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Watch as we find out about Liverpool’s #BintheButt campaign which is aiming to get cigarette litter off the streets

1 month ago

By The Guide Liverpool

  • Liverpool City Council has teamed up with Keep Britain Tidy
  • Cigarette litter has an adverse effect to the environment

Liverpool City Council has joined forces with environmental charity Keep Britain Tidy to #BintheButt to stamp out cigarette litter, which causes significant damage to marine life in the River Mersey.

Smokers in the city are being asked to rethink how they dispose of their cigarettes, as research reveals that only half (53%) of people know that cigarette butts can get washed into the sea if they are dropped down the drain.

It is estimated that 3.6 million smokers in the UK have dropped a cigarette down the drain in the past month, whilst new research has found that just one cigarette butt per litre of water is highly toxic to fish.

A YouGov survey for Keep Britain Tidy found that just under four in ten (39%) smokers admit to throwing a cigarette butt down a drain within the past month. However, one in ten (11%) do not even consider cigarette butts to be litter.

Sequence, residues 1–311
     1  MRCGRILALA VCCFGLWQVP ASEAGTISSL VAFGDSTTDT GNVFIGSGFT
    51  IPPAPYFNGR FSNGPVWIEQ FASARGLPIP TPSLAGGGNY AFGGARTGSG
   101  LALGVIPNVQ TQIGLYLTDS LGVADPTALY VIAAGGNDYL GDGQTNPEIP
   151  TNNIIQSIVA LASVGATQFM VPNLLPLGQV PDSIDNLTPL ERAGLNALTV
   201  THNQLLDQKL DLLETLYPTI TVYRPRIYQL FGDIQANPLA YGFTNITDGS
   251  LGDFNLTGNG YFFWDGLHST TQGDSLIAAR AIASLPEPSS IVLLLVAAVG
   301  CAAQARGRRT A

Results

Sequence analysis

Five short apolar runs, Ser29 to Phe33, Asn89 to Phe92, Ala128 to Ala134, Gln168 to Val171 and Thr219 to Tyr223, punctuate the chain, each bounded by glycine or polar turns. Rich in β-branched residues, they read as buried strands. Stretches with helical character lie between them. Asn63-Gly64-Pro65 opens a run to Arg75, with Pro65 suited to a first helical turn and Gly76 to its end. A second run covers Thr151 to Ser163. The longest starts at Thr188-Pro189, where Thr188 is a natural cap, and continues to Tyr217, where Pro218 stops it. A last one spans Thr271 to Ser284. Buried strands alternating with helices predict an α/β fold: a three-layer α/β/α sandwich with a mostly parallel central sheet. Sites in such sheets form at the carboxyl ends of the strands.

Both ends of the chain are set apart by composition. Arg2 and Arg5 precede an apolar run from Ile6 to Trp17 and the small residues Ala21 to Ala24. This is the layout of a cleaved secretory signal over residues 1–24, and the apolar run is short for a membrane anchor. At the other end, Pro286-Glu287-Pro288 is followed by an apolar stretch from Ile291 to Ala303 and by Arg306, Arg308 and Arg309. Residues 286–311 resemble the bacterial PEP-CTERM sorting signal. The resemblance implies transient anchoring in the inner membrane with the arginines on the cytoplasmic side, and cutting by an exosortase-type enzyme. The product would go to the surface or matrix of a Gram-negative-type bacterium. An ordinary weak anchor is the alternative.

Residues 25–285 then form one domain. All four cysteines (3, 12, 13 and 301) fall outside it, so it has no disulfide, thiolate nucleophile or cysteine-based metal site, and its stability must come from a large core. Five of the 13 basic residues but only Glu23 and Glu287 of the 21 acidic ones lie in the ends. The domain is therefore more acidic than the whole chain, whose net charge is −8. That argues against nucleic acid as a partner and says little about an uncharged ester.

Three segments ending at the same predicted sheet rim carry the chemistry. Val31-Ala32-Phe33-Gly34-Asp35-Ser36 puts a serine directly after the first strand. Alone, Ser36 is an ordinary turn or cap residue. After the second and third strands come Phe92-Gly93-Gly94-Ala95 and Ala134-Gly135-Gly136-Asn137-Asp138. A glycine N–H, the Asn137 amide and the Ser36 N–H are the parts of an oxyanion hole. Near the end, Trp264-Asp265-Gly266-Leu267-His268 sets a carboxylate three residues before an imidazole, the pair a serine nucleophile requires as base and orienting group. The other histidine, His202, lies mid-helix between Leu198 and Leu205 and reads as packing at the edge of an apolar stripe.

Just over a third (38%) of smokers know that cigarettes contain plastic, yet nearly four out of five (77%) smokers were concerned that the toxins from their cigarettes cause significant harm to marine life. 

Cigarette filters are comprised of thousands of chemical ingredients, including arsenic, lead and nicotine, all of which can leak into marine environments.

The research also showed that over a third of daily smokers (33%) thought that cigarette butts that get dropped down the drain were filtered out in water treatment, 8% thought they remained in the drains and 10% thought butts were biodegradable.

The #BinTheButt awareness campaign is the latest instalment of the new Keep Liverpool Tidy partnership, between the city council and Keep Britain Tidy, which is a wider programme to improve the city’s cleanliness.

Earlier in the year, the city council invited Keep Britain Tidy to carry out a city-wide inspection. More than 300 sites were assessed and the survey found litter and graffiti in Liverpool to be three times that of the national average.

In response, the city council, which spends £9.5m a year cleaning up litter, has embarked on a year-long environmental action programme, with a specific focus on litter in parks, dog fouling, flytipping and commercial waste.

The council has also recently launched the UK’s first underground superbin scheme in densely built up residential areas to tackle black bin bag waste and vermin related issues.

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